Pricing a Product

Cite this article as:"Pricing a Product," in The Business Professor, updated July 17, 2014, last accessed June 7, 2020,
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Pricing a Product
This video explains the process for pricing a product - part of market analysis.

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Product pricing hinges upon the concept of customer value. That is, what is the value of your product or service to customers in the market? Value is a relative to word to the entrepreneur and his or her intended audience. The entrepreneur will recognize an idea as an opportunity when the idea has the potential to create the type and level of value desired.  Value could be measured in money, social impact, importance or prestige, etc.  Likewise, the prospective customer or client will evaluate the entrepreneur’s value offering (product or service) and subconsciously make a determination as to whether the value the client or customer receives from the product or service is worth the value required.  Typically the required value from the customer is money or the price of the good. Value can also take other forms.  A customer may be willing to pay a certain amount for a product but is not willing to do what is necessary to travel to a given location to physically purchase the product (travel), to put the product together (IKEA), to use the product on an electronic device (Kindle book), etc. All of these things represent something of value to the customer that they have to give up or forgo in exchange for the value provided by the product.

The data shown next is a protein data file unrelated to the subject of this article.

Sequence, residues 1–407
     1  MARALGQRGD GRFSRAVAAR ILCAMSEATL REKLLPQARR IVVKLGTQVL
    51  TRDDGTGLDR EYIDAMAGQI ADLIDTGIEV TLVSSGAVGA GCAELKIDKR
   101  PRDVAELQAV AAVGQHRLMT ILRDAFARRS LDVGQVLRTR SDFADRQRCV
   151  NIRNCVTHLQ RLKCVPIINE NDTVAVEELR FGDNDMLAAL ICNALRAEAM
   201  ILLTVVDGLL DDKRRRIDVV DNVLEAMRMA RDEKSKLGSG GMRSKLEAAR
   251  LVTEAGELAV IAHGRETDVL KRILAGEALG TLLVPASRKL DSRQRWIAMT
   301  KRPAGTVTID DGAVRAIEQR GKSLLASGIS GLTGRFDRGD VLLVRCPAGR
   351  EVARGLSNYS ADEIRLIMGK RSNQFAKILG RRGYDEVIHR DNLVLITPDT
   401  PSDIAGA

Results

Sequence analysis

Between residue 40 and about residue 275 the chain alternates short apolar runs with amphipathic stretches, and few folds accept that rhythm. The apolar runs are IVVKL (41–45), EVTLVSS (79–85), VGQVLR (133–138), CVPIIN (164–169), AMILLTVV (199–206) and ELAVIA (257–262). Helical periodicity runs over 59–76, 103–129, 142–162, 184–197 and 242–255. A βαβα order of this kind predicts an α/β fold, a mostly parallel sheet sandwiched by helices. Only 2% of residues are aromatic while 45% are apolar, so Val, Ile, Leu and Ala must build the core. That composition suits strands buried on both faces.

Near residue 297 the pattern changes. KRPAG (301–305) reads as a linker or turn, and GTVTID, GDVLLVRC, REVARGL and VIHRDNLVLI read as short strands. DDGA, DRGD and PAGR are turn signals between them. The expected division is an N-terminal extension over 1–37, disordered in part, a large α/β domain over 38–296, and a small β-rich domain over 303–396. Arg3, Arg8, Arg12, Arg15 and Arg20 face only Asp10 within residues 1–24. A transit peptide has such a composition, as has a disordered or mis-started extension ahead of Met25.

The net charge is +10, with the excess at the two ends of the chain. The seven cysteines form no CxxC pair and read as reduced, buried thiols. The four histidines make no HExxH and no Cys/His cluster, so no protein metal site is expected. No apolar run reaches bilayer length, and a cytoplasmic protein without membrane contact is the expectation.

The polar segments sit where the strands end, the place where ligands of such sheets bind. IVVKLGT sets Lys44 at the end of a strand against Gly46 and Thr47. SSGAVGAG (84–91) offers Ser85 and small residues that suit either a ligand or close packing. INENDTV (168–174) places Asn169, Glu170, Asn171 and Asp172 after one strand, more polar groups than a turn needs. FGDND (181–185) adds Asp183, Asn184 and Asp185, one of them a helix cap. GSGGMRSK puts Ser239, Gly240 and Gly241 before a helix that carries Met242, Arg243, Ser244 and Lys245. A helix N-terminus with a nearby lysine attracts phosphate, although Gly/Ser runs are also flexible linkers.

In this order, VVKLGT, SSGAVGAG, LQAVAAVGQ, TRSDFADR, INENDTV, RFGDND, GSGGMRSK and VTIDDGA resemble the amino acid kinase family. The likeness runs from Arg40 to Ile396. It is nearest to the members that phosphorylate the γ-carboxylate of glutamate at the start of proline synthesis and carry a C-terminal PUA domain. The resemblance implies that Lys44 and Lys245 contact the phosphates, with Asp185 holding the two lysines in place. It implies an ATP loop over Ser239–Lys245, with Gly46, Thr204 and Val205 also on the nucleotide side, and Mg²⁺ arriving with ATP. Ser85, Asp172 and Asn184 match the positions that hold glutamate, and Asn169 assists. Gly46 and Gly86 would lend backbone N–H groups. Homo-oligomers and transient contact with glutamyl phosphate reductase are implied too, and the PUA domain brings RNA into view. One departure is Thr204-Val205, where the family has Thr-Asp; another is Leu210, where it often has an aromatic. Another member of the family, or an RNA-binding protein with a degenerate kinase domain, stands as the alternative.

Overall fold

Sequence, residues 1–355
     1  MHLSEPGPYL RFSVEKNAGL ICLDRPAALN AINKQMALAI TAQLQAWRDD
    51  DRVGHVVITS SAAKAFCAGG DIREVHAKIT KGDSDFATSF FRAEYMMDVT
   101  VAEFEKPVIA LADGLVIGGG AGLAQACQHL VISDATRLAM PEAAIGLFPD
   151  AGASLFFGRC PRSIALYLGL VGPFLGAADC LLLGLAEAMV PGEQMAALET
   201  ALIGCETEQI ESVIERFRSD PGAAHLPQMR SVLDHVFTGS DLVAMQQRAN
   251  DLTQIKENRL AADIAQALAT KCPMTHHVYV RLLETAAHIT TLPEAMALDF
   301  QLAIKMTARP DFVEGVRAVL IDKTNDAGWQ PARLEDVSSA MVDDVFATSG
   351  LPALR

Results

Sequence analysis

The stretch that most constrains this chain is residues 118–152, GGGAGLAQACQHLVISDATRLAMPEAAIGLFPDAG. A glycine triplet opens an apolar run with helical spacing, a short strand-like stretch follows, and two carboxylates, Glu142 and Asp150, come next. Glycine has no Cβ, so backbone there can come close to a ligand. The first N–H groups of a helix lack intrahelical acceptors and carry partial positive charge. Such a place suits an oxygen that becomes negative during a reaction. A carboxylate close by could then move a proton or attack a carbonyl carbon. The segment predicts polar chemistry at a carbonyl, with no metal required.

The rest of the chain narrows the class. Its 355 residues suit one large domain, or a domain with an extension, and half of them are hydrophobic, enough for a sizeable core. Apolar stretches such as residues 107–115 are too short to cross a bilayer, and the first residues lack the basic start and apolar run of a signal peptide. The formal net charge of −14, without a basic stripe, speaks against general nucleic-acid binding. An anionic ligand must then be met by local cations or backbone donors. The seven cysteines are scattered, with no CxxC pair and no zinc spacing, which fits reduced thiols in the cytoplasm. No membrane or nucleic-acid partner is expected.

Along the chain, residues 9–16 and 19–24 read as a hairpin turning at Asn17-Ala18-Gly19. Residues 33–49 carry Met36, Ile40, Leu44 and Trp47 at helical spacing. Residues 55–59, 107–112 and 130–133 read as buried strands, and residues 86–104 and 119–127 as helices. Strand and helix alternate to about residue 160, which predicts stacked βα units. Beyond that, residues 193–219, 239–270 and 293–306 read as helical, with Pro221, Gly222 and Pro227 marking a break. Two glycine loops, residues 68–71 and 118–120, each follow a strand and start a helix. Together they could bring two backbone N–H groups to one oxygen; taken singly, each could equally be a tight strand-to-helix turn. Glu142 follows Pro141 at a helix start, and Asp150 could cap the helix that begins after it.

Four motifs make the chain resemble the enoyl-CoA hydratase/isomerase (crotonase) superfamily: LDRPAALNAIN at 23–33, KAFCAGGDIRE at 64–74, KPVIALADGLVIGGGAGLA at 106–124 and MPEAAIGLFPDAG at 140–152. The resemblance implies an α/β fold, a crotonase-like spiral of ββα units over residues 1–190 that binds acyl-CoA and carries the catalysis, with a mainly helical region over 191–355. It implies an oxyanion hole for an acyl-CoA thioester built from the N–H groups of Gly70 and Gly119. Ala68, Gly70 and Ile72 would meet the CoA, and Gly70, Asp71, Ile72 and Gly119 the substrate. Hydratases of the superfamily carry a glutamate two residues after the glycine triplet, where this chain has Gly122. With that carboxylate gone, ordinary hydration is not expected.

Pricing for Feasibility 

Early in the business planning process, you do not necessarily have to set a price for your product.  Rather, for the purposes of a feasibility analysis, you are trying to project what your customers (each customer segment) would be willing to pay. You can average the prices across multiple customer segments to determine what the average market price that customers are willing to pay for your product or service. Later, if the idea proves feasible at a the average market price, you will undertake a strategic analysis to determine at what price you will maximize your return above costs.  Remember, you may or may not position your product to serve all customer segments.  I may be more beneficial to target a single segment.  On the other hand, it may be beneficial to have multiple product or service lines (varying features) that address all segments.  In any case, if customers are willing to pay an amount for your product or service that exceeds your cost by a sufficient amount, the business idea may constitute a valid business opportunity.

Pricing Methods

Pricing is a very difficult issue for an innovative product or service.  You have to estimate what the market is willing to pay without any actual sales information. Below I introduce a number of methods that businesses use to set their prices.  Each of these methods is useful in particular situations. The primary methods are as follows: